Featured image of post Changing focus on code execution in VSCode

Changing focus on code execution in VSCode

Some tips on moving around panes in VSCode

I wrote previously about how I loved little life hacks and shortcuts for my February T-SQL Tuesday prompt. If you read that you’ll know I use VSCode a lot and really love all the shortcuts available in that program. This is just a quick tip that I’m so glad I found, read – took the time to work out.

I specifically write a lot of PowerShell in VSCode and so often find myself using F8 to run the selected line in the integrated console. One thing that always drove me a little crazy was that my cursor stayed in the integrated console after execution, rather than returning to the script I was writing.  I hadn’t managed to find the shortcut to return to the editor window I was working in until recently when I decided to figure it out.

Since I started writing this post a couple of weeks ago, I discovered an even better solution thanks to the following tweet from Simon Sabin. The tweet also links to a GitHub issue where there is a discussion on why this is the default behaviour.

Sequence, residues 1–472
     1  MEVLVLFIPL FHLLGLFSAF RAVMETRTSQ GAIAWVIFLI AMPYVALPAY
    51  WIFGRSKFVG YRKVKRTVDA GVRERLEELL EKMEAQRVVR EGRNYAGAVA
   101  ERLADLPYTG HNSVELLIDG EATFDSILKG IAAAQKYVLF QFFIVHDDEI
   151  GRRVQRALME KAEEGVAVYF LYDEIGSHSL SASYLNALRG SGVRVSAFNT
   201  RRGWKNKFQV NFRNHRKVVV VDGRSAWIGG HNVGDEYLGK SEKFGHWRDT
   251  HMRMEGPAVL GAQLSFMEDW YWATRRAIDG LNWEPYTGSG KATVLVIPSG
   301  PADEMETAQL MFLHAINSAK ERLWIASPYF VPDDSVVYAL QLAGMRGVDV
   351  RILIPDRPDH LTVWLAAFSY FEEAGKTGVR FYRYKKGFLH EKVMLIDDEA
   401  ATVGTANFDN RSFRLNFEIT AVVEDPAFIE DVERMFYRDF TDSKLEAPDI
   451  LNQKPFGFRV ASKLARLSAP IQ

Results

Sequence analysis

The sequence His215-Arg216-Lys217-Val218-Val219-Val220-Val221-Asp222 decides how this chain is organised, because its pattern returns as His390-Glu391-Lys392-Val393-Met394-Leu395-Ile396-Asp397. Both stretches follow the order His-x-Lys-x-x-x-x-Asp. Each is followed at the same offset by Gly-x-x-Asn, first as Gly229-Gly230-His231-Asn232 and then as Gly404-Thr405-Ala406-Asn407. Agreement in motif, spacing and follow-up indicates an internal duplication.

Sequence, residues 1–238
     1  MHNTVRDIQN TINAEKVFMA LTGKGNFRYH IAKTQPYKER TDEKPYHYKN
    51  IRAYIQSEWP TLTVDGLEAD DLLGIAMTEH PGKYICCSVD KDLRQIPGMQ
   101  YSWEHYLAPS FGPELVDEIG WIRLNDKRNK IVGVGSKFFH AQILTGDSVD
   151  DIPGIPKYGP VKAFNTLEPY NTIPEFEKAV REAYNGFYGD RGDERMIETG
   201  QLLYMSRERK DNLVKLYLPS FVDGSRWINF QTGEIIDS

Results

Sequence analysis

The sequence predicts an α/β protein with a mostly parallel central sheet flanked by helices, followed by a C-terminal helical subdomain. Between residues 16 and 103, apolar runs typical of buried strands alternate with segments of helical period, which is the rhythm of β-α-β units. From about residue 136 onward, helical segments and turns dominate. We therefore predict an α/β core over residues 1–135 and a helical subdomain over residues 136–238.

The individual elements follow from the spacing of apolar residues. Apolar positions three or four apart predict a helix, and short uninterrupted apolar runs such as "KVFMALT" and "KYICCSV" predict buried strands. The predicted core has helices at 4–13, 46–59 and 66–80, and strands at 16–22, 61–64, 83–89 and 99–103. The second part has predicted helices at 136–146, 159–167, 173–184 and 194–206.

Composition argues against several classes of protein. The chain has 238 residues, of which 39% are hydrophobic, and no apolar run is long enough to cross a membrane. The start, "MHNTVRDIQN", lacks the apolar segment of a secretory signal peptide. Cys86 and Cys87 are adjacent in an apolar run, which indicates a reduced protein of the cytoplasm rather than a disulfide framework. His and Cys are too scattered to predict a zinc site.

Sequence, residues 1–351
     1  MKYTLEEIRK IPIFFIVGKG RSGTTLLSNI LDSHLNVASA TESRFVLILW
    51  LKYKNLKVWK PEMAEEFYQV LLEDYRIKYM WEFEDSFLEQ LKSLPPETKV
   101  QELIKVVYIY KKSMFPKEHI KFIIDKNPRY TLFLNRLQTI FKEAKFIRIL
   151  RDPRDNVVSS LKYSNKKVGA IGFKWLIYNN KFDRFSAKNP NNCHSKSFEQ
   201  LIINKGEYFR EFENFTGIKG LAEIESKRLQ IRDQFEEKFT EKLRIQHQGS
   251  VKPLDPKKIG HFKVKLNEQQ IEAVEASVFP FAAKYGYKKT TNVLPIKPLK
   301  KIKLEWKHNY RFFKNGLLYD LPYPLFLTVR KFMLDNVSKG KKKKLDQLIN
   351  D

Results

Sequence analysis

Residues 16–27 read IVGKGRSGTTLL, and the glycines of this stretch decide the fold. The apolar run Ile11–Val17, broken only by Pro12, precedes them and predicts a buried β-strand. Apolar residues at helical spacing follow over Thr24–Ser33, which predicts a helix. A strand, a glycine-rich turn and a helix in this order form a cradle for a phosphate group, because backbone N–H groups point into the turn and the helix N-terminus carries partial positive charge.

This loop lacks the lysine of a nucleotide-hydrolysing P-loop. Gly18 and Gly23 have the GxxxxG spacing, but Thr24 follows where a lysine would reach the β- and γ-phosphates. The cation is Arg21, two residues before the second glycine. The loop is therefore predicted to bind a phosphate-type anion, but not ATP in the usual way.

Simon’s Tweet about changing the focus

So by adding the following to your settings.json file you can override that behaviour, and keep the focus in your script pane.

"powershell.integratedConsole.focusConsoleOnExecute": false

Original Solution

The original solution to this dilemma is to use the keyboard shortcut to return focus to the script pane. Using Ctrl+1 will return you to the first editor group (unless you are using ZoomIt!).

Use Ctrl+1 to get to editor from console

If you have more than one editor group open you can use CTRL+2 to get to the second group, or CTRL+3 to get to the third group.

ctrl+2 to get back to pane 2

Also, as with most shortcuts in VSCode, you can also customise the key bindings, by opening the command palette (F1) and choosing ‘Open Keyboard Shortcuts’ either in the GUI or JSON format.

The commands to customise are below with the defaults:

  • workbench.action.focusFirstEditorGroup: Ctrl+1
  • workbench.action.focusSecondEditorGroup: Ctrl+2
  • workbench.action.focusThirdEditorGroup: Ctrl+3
  • (and so on up to the eighth editor group)

A bonus tip for you: If you’re in the GUI keyboard shortcut editor and you right click and copy, or press Ctrl+C, you’ll actually copy the JSON you’d need to customise your key bindings in the keyboard shortcuts (JSON) file.

  "key": "ctrl+5",
  "command": "workbench.action.focusFifthEditorGroup"

I’m really excited to have discovered a couple of optimisations so now when I’m writing a script and I execute a line of PowerShell in the integrated console I will easily be able to navigate back to my editor pane using Ctrl+1 instead of having to reach for the mouse.

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